Is your dog getting outside enough?

Walking and taking your dog out for a bathroom trip are daily routines that many owners set in place from very early on with their pups. But are we doing enough? There are many characteristics, from breed to age, which vary how long your dog should be spending exercising and how often they should be let out for potty breaks.


Puppies need a significantly less amount of exercise than fully-grown dogs, as their joints are still developing, and over-exercising can damage those joints leading to arthritis. A good estimate is based on their age, giving 5 minutes of exercise per month of age, for example 20 minutes exercise for a 4 month old puppy.

Once your pup is fully grown, their breed plays a big part in the frequency of their walks. High energy breeds need more exercise, whereas smaller types require less exercise. The following list will give a better idea of the recommended amount for each breed type:

  • Gundog – Retriever, Spaniel, Pointers and Setters need more than  two hours exercise daily
  • Terrier- Jack Russell, Border Terrier and Welsh Terrier need up to one hour daily
  • Toy- Chihuahua, Pug, Bichon Frise need up to 30 minutes daily
  • Utility- Dalmatian, Shih Tzu, Bulldog need up to one hour daily
  • Working- Doberman, Boxer, Siberian Husky need over two hours daily


The frequency that you should let your pup out to urinate depends again on age and overall health. A average healthy dog will produce around 15 ml of urine for each pound of body weight per day, so follow the pointers for how your pups bladder will change through time:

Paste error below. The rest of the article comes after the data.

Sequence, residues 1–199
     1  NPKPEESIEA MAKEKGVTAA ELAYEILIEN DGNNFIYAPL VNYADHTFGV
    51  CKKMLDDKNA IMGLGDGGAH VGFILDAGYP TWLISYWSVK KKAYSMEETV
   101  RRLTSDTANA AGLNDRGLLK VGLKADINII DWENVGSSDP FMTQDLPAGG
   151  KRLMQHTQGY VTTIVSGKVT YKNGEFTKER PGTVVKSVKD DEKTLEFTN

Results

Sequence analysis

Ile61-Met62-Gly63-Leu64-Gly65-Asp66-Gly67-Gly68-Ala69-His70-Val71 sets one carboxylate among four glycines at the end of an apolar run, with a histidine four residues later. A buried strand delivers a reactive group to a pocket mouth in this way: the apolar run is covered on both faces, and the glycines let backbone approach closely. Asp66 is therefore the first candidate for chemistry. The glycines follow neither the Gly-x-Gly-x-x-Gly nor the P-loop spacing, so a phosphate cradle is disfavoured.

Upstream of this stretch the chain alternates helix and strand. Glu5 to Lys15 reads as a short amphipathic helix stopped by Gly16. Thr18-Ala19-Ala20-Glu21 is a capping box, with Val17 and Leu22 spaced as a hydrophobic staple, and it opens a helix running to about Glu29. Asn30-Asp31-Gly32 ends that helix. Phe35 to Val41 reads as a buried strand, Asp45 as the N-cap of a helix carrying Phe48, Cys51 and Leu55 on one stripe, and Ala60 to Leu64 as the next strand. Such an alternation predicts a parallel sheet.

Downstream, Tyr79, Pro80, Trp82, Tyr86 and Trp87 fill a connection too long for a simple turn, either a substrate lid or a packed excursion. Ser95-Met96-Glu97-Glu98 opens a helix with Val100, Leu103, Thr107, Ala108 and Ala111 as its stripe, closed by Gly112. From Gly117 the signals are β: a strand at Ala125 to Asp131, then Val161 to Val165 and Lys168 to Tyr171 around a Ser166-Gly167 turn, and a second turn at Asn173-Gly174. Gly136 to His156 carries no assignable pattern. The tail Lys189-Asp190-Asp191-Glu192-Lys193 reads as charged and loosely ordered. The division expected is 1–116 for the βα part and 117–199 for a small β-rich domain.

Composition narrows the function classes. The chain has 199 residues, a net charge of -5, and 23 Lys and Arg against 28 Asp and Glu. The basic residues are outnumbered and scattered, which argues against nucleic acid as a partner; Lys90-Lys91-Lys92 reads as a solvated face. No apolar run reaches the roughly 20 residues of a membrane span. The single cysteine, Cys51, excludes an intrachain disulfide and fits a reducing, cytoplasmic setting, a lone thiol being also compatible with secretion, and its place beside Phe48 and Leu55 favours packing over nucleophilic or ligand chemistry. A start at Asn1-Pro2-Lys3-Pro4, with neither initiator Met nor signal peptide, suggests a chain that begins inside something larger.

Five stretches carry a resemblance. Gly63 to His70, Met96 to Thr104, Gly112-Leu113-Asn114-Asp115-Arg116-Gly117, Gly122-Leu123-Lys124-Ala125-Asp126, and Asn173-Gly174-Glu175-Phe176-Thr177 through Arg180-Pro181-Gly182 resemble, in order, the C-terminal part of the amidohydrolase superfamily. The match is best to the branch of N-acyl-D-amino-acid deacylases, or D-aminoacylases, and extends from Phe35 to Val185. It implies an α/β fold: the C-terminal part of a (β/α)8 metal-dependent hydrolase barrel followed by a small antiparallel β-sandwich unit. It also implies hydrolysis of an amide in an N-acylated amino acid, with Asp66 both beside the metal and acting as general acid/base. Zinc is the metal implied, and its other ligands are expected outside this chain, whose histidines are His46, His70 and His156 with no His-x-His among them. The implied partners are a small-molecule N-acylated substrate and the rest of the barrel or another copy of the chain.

• Puppy- At 2 months old your puppy will need to go out every 30 minutes, backed up with a puppy pad indoors to work on reducing the number of accidents. At 3 months they will still need to go out every hour or two.
  • Adult dog- Size will affect how often your adult dog will need to urinate; larger dogs need at least 3 toilet breaks a day, whereas smaller dogs will likely need 4 or 5 breaks a day. This is most important after waking up and after meal times.
  • Senior dog- Older dogs are more likely to have illnesses such as kidney disease or diabetes which leads to more frequent urination, so make sure they’re able to relieve themselves every 2-3 hours. As dogs age they may experience incontinence which can be helped by medication prescribed by the vet, but some older pups have no problems with continuing to go out 4 or 5 times daily.

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